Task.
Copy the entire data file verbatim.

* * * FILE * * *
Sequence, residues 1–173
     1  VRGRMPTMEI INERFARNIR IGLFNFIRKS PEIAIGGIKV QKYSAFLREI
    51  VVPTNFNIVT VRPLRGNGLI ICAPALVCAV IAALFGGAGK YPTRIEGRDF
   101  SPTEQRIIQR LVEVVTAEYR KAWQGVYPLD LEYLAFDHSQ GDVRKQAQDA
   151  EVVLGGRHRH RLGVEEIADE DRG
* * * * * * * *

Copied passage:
Sequence, residues 1–173
     1  VRGRMPTMEI INERFARNIR IGLFNFIRKS PEIAIGGIKV QKYSAFLREI
    51  VVPTNFNIVT VRPLRGNGLI ICAPALVCAV IAALFGGAGK YPTRIEGRDF
   101  SPTEQRIIQR LVEVVTAEYR KAWQGVYPLD LEYLAFDHSQ GDVRKQAQDA
   151  EVVLGGRHRH RLGVEEIADE DRG